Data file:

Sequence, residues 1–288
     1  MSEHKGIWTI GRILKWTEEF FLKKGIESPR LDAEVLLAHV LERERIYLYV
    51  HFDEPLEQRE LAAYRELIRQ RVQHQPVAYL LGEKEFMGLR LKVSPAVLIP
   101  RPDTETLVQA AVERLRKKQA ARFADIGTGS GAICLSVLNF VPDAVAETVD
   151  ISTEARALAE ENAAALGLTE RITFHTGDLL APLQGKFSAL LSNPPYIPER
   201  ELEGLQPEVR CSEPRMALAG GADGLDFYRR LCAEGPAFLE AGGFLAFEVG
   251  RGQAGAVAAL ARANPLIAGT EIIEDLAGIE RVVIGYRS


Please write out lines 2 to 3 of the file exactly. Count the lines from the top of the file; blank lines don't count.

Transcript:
     1  MSEHKGIWTI GRILKWTEEF FLKKGIESPR LDAEVLLAHV LERERIYLYV
    51  HFDEPLEQRE LAAYRELIRQ RVQHQPVAYL LGEKEFMGLR LKVSPAVLIP